Nov 22 2010
When I’m designing or coaching design of learning experiences, including “classes” or workshops – any form – I like to include a reflective activity for whomever is teaching, facilitating or leading. And I like it to be visible to all the participants. This role models reflective practice in learning and removes some of the distance (power and participation) between the teacher and the participants. I believe in some way we are all on the learning path, even though our roles may vary.
In that vein, I wanted to point out Howard Rheingold’s Teacher’s learning journal | Social Media CoLab.Howard starts his reflection with goals:
My teaching goals:
I want to create the conditions for the class as a whole to make something magical happen. I want students to take away from this course all the learning outcomes I explicitly describe, but I also want to achieve much more: I want to awaken those who have been lulled to semislumber by so many years of desks arrayed in rows and “will this be on the test?” — I want to awaken them to their own powers to use online tools and their thinking skills to not only cope, but to thrive in a world that requires continuous learning. I want to grow more aware along with my students. I want to model and facilitate exploration of and reflection about the impacts of our own media practices. I want to induce student teams to outdo each other in coming up with fun, thought-provoking, incisive, profound, ways to engage with the texts and ideas. I want to inspire so much interest in social media that students read all the required texts and even some of the recommended texts.
Why I teach this way:
The subject itself has compelled me to teach about it: I have personally explored, observed, exploited, and analyzed media since internet-based communication was in its infancy, but when social media grew from a playground and laboratory for a small group of enthusiasts into a worldwide platform for commerce, politics, sociality, I became convinced that knowing how to use and think about social media could influence the final shape of the emerging infosphere. What you know and do today matters because it will be part of setting the rules for who can use these media, how they can use them, who will profit, and who will control tomorrow’s media. When I started teaching, students were starting to use Facebook — and they were already accustomed to surfing the web during class. The same media I’ve been using and which I’m now teaching are also directly challenging traditional methods of teaching and learning. Believe it or not, the ability to find out in real time whether the professor knows what he is talking about — and to silently share what you’ve discovered with the other students in a class — is a relatively new thing. When I started asking around about how teachers and students were using social media for learning, and started asking the students themselves about what was working and what wasn’t, I began to learn that students thrive and learn from conversation among peers as well as the traditional public performance of whole-class discussion, that students’ collaborative projects amazed me and the other students with their ingenuity, that some risk-taking was exhilarating. Much of the structure of this class comes from the explicit feedback, experiment, and risk-taking of previous classes.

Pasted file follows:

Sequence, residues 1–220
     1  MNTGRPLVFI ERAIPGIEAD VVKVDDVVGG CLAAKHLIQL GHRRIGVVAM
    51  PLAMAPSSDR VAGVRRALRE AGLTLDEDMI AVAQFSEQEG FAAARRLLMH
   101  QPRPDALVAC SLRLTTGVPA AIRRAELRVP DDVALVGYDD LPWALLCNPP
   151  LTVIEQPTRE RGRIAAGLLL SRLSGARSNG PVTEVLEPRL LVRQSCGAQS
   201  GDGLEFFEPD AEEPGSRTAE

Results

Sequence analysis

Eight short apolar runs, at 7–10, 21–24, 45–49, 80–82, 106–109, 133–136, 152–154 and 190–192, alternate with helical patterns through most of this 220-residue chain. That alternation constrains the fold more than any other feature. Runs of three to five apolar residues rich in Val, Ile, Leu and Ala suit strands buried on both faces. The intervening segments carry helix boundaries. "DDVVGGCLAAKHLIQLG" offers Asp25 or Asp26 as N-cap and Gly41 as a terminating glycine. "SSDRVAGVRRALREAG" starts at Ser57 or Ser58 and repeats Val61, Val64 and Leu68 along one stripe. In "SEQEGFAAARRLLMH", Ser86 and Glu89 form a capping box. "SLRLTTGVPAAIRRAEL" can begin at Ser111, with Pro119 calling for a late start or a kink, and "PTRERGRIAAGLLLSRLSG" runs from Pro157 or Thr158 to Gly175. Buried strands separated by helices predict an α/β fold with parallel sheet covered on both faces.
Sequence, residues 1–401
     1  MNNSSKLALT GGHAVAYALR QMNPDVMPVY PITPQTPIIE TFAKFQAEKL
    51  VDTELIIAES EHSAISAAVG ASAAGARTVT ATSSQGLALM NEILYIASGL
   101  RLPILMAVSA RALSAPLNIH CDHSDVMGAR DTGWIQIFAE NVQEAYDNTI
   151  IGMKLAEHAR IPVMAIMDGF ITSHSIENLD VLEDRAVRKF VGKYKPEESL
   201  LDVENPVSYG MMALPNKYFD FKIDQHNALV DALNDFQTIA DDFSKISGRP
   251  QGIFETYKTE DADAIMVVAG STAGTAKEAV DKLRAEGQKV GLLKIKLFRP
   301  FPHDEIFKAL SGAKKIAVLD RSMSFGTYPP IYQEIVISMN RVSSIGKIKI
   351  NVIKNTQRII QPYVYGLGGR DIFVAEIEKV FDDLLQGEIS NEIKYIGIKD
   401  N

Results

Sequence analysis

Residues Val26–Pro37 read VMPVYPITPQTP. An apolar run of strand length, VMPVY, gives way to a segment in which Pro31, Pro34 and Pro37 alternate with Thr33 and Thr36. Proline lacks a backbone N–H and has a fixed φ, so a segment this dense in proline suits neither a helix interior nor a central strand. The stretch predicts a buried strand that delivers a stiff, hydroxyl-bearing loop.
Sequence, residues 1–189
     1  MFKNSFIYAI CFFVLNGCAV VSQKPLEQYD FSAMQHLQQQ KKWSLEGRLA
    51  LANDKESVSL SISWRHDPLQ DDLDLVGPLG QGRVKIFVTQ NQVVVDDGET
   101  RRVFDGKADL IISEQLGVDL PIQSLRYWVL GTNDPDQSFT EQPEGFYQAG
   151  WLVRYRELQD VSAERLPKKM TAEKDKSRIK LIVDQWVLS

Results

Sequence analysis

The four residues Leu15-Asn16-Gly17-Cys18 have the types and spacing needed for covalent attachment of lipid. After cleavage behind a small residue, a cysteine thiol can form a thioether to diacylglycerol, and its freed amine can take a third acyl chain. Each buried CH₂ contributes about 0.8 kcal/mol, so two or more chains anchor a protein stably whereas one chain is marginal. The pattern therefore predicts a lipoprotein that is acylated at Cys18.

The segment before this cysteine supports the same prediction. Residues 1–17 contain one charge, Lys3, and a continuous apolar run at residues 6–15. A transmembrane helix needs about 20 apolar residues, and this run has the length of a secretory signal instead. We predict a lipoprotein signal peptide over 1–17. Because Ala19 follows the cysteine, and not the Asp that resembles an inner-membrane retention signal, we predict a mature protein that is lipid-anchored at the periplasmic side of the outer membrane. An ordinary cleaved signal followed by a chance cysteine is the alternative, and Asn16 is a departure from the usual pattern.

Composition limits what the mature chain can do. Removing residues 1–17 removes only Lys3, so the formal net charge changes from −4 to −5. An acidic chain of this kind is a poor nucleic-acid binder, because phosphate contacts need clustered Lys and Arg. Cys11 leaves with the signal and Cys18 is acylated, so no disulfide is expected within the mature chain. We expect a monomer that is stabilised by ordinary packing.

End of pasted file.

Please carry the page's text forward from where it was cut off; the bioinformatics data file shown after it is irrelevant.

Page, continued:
Given all that I’ve said so far, this description of the ideal 21st century teacher makes sense to me. I believe I fulfill some of these requirements. I strive to fulfill others. I vow to adapt, communicate, learn, envision, lead, model, collaborate, and above all, take risks. I take risks because I’ve learned that if you try something larger than your capabilities, you’ve learned something about doing something big — even if you fail. If you succeed admirably at doing something that you know you can do, you’ve learned something about doing something small. There’s nothing wrong with doing small things well. But I’m here to help those who want to go for it. This century requires thinkers who know how to take on significant challenges.
What happens, what changes when we share our intents? Does this bias participation? Seed the idea that the intent behind our actions shapes those actions? How do you as a teacher or leader show your intent?